In every thing give thanks: for this is the will of God in Christ Jesus concerning you.
1 Thessalonians 5:18

The Undeserved Present

Yesterday was a rough day. By noon, all 4 of my kids had had a meltdown over something. After my oldest had calmed down some from her’s, we sat down to talk about it. At one point in the conversation, she told me that I should just burn all her presents because she didn’t deserve them. (Earlier this week someone had asked the kids if they were being good for Santa. They responded that Santa wasn’t real and the person said she had a friend that threw her kids presents in the fire when they were bad.) I told her I wasn’t going to do that because I hadn’t bought her presents because she deserved them. I bought them because I loved her. My love is not contingent on her behavior. It hit me then and I shared this with her as well. That’s just like Christ. He doesn’t offer us salvation because we deserve it. If we’re being honest, every single one of us deserves to have our gifts “thrown in a fire” or taken away from us. We deserve death, yet as his children, we are given blessings and promises of amazing things to come. Praise the Lord, God’s love is not based off how we behave or even how we treat Him as our Heavenly Father. He loves us despite all of that. I don’t know why I haven’t made this connection before. Maybe instead of threatening our children continually with returning their gifts or giving them away this Christmas, we should instead be using those moments to teach them. Teach them that real love is unconditional. Show them what Christ’s love looks like. Point out to them how love gives, not based on what is deserved or earned, but solely because of that love. Remind yourselves this year of just how much Christ loves you and just how little we truly deserve His good gifts and be thankful.

Thanks be unto God for his unspeakable gift.
2 Corinthians 9:15

Just Breathe


I was talking with a mom friend yesterday morning. We were discussing how it seemed like our kids couldn’t even say hi to each other without ending up in an argument and how they drove us to lose it. And then how the guilt would set in over not having enough patience with them. And how we always planned to do better the next day, until the cycle started all over again. I try, I really do. To not let them hit the last nerve. To stay even keel and talk in the same voice, at the same volume, consistently. I try but, boy, do I fail. Every day. In spectacular fashion. I was thinking about this off and on yesterday, like when my kids were sitting right beside each other in the van (there are 3 rows of seats available to them and they choose RIGHT BESIDE EACH OTHER) and fighting the whole way home. I thought about it when I told them 5x to get their shoes on and NOBODY listened. I thought about it when my handicap son had to pee really badly 2 seconds after we left the house and I’d asked him 5 minutes before if he did. I thought about it when my 2 year old dumped the PJ Mask toys I’d just made her clean up (those toys were still on the floor last night when I put them all to bed). I thought about it when that same 2 year old colored on a wall (her newest, favorite pastime. I think she enjoys scrubbing them.) Then last night, one of my talented friends gave me a gift. It is a poem my brother wrote for me last year during a 2 week hospital stay for Trevor, that she put on a sign. The poem is titled “Breathe”. As I read that poem again, the last phrase hit me as the solution to what I was thinking about all day. It says, “Good or bad, light or dark, what more can I say, it doesn’t hurt to use that breath to pray.” We all have those moments. Those times where the kids “push us” to snap. Times where all your nerves are raw and frayed and you lose your cool. That doesn’t make you a bad parent. It makes you human. As a coach, I tell my team often “it’s ok to make mistakes. Everyone does. It’s moving on and trying your best to improve that matters.” The same applies to parenting. There is no perfect parent. It’s a huge responsibility. It’s scary when you think about how much you are responsible for. That weight can be overwhelming. In those moments, just breathe. Breathe AND pray. Pray for yourself to have the patience you need. Pray for your kids to learn to be sweet and obedient. Pray that you will all continue to learn how to control your reactions to all those emotions flowing through you. If you lost it, take a breath, cut yourself some slack, and pray. Pray that the next time you’re in those moments you will remember to stop and breathe BEFORE you lose it. You are not alone in this. God is with you. He is our greatest “parenting resource”.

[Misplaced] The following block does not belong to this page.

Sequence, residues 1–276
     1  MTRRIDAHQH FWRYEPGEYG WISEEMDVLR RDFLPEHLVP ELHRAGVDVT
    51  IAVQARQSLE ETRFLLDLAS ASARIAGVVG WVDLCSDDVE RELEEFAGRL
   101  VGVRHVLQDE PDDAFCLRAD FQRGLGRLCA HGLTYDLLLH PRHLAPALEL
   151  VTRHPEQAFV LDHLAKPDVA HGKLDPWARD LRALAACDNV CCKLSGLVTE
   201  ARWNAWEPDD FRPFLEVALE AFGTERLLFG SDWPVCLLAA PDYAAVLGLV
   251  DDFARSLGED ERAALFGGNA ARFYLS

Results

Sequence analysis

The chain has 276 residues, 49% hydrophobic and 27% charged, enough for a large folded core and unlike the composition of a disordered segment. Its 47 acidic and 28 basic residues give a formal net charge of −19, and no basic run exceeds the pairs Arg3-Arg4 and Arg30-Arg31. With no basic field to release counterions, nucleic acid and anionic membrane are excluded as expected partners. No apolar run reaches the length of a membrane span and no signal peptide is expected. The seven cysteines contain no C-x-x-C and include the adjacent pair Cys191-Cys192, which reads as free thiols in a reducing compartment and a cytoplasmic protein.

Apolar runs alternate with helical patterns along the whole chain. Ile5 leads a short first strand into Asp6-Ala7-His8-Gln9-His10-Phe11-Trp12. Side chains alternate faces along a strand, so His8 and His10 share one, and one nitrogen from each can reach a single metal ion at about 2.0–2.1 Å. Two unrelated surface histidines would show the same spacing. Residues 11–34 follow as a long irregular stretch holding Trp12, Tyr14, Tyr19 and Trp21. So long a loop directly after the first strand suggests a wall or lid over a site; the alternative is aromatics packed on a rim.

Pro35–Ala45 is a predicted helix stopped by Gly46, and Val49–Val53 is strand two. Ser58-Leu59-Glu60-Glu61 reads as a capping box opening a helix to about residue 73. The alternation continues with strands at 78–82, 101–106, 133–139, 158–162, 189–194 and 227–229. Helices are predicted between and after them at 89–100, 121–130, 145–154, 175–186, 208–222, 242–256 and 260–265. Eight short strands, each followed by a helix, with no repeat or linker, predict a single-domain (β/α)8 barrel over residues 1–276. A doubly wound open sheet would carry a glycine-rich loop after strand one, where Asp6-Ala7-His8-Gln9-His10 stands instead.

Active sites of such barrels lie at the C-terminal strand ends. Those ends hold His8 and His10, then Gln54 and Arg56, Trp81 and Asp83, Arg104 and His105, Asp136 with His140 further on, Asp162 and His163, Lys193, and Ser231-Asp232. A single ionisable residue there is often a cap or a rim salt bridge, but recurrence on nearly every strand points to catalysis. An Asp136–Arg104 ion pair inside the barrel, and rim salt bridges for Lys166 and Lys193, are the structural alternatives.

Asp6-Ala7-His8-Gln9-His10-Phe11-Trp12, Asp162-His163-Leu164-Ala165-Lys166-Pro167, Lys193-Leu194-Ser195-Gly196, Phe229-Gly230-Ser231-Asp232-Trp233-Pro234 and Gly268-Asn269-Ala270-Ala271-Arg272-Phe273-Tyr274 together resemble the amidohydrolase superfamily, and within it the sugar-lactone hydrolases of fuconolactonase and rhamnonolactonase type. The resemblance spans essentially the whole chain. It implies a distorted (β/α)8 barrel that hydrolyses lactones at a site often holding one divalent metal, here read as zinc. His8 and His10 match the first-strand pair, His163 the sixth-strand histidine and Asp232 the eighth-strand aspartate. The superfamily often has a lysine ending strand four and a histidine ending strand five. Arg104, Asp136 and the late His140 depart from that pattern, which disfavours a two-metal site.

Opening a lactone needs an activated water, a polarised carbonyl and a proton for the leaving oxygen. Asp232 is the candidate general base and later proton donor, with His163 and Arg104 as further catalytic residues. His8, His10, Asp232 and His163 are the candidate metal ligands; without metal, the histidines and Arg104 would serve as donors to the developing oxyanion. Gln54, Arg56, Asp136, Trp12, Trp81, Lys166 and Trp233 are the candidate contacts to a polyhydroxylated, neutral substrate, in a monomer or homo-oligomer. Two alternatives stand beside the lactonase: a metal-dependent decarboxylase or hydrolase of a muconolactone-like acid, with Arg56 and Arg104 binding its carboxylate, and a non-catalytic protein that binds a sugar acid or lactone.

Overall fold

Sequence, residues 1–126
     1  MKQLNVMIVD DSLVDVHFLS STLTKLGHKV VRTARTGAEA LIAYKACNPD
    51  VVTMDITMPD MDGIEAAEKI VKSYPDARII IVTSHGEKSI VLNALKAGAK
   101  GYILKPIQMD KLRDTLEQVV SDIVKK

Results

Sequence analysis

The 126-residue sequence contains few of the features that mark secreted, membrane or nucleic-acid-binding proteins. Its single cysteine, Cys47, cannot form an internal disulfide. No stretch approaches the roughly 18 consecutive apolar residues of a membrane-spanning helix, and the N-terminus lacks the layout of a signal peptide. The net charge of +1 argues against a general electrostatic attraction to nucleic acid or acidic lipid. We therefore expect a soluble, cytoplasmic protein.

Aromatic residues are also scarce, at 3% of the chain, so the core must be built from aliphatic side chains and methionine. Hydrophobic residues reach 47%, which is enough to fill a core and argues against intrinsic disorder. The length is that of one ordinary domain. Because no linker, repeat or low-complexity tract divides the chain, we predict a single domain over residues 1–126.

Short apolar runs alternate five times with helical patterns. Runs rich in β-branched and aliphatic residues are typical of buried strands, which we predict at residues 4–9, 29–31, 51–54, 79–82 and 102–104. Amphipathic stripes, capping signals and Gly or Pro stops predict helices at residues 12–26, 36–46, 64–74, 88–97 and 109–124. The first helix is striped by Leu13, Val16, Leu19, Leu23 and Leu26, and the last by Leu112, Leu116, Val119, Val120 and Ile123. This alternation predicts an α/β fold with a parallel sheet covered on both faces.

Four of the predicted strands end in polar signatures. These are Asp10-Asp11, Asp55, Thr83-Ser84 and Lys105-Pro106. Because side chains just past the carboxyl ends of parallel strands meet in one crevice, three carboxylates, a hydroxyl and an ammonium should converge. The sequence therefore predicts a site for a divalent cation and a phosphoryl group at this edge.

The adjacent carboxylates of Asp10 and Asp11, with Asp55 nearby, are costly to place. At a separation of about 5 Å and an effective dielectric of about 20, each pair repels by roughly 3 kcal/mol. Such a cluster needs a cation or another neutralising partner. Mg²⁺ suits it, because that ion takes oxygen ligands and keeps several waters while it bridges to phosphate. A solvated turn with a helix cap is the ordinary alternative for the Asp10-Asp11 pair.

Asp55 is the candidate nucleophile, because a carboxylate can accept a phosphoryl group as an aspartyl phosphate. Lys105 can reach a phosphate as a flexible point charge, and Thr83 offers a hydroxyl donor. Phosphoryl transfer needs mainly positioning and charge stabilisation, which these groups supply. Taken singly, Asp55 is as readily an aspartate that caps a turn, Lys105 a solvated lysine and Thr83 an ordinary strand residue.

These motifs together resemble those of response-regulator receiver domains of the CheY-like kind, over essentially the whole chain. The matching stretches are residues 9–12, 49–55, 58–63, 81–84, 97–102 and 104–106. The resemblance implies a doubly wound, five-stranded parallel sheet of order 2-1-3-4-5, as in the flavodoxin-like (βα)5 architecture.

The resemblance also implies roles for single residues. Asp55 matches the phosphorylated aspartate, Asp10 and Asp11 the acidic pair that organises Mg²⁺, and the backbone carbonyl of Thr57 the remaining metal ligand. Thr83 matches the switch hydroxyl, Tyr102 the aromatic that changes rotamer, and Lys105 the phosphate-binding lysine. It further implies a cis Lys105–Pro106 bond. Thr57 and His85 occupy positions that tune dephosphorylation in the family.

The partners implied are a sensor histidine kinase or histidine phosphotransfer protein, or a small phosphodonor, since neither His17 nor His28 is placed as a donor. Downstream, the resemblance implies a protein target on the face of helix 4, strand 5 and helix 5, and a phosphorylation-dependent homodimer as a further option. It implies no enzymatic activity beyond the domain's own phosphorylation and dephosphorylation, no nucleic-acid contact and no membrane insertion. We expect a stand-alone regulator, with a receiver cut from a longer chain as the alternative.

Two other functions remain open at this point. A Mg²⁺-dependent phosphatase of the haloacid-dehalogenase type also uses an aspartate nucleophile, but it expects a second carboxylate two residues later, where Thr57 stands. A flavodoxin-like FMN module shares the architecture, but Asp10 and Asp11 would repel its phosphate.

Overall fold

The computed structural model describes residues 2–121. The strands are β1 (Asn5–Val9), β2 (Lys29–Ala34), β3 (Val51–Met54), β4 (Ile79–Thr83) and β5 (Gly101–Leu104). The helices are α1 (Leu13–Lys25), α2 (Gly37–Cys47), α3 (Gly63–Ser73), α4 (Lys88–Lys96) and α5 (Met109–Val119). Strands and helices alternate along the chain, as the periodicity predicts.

Taking a moment to breathe after putting the kids in bed before cleaning up all the PJ Mask toys all over the floor in the background. You know you’re a mom when you’re photo bombed by your messy house.

“I am not” Mom